Fossils were examined under a Zeiss Stemi 305 microscope and photographed with a Zeiss Smart Zoom 5 Stereo-micrographic system and Cannon camera 5D Mark IV mounted on a photographic system. Uncoated specimens were examined with a FEI Quanta 400-FEG scanning electron microscope (SEM), equipped with backscattered and secondary electron detectors in addition to an energy-dispersive X-ray analyser (EDX) operating at accelerating voltages ranging from 5–15 kV, at the Department of Geology, Northwest University (NWU), Xi'an, China. Some specimens were tested by Bruker M4 Tornado table-top energy-dispersive micro-X-ray fluorescence (μ-XRF) to characterize the elemental abundances in samples from the fluorescence spectrum. Specimens were covered by wax for better preservation of the shell surface, so they were photographed and coated with ammonium chloride (NH4Cl) to reduce reflecting light during photography. Some of the shells have been subjected to deep weathering, and they were usually preserved as internal molds. To better display the ornamentation and shell structures in detail, a number of latex casts or molds were prepared using polyvinyl butyral (PVB) ethanol solution and latex.
Other materials examined
In addition to the fossils from the Latham Shale Lagerstätte and the Cadiz Formation, six specimens of Hadrotreta primaea (Walcott, 1902) from the basal Emigrant Formation of Split Mountain, Nevada, and one specimen of Heliomedusa orienta Sun and Hou, 1987 from the Chengjiang Lagerstätte, South China were collected for comparison.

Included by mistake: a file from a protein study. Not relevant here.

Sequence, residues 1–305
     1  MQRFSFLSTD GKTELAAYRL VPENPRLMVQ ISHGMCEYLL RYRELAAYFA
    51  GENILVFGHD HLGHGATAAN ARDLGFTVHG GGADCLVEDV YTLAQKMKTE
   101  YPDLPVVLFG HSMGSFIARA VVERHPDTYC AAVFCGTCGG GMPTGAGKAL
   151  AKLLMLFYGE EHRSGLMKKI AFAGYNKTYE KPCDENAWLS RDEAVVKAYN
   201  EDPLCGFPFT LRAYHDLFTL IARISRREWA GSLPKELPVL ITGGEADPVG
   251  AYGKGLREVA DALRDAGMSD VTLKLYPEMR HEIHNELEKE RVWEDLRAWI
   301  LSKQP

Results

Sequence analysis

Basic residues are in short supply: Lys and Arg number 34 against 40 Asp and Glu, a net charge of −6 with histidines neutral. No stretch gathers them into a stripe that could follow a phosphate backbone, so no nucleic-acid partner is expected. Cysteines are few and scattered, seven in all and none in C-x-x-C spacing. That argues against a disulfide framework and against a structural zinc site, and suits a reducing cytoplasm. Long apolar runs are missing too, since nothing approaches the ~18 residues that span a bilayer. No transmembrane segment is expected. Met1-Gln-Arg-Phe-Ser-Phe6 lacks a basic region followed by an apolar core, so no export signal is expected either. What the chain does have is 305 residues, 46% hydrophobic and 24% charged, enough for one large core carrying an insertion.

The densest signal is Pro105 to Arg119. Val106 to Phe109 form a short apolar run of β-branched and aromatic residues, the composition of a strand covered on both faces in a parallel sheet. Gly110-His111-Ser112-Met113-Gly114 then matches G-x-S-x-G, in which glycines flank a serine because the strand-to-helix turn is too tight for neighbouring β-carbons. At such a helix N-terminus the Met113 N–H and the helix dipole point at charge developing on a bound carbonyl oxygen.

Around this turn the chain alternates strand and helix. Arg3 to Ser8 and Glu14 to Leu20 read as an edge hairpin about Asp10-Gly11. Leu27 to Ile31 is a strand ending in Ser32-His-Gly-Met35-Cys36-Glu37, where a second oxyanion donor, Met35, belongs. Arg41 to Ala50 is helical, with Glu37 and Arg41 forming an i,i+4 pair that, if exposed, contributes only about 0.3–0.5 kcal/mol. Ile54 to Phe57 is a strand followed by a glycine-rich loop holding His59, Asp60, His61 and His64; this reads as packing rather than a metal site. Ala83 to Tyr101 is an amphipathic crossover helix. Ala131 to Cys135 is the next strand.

Repositories and institutional abbreviations
Most of the fossil specimens examined in this study were loaned from University of California, Riverside (UCR), USA. Other cited repositories are ELI = Early Life Institute, Northwest University Xi'an, China; and USNM = National Museum of Natural History (United States National Museum), Smithsonian Institution, Washington, DC, USA.
Phylum Brachiopoda Duméril, 1806,
Subphylum Linguliformea Williams et al., 1996,
Class Lingulata Gorjansky and Popov, 1985,
Order Acrotretida Kuhn, 1949,
Superfamily Acrotretoidea Schuchert, 1893,
Family Acrotretidae Schuchert, 1893,
Genus Hadrotreta Rowell, 1966
Acrotreta primaea Walcott, 1902, from the lower to middle Cambrian Pioche Shale, Nevada, USA.
Acrotreta primaea Walcott, p. 593.
Acrotreta primaea; Walcott, p. 700, pl. 69, figs. la–f.
Hadrotreta primaea; Rowell, p. 13, pl. 1, figs. 1–12.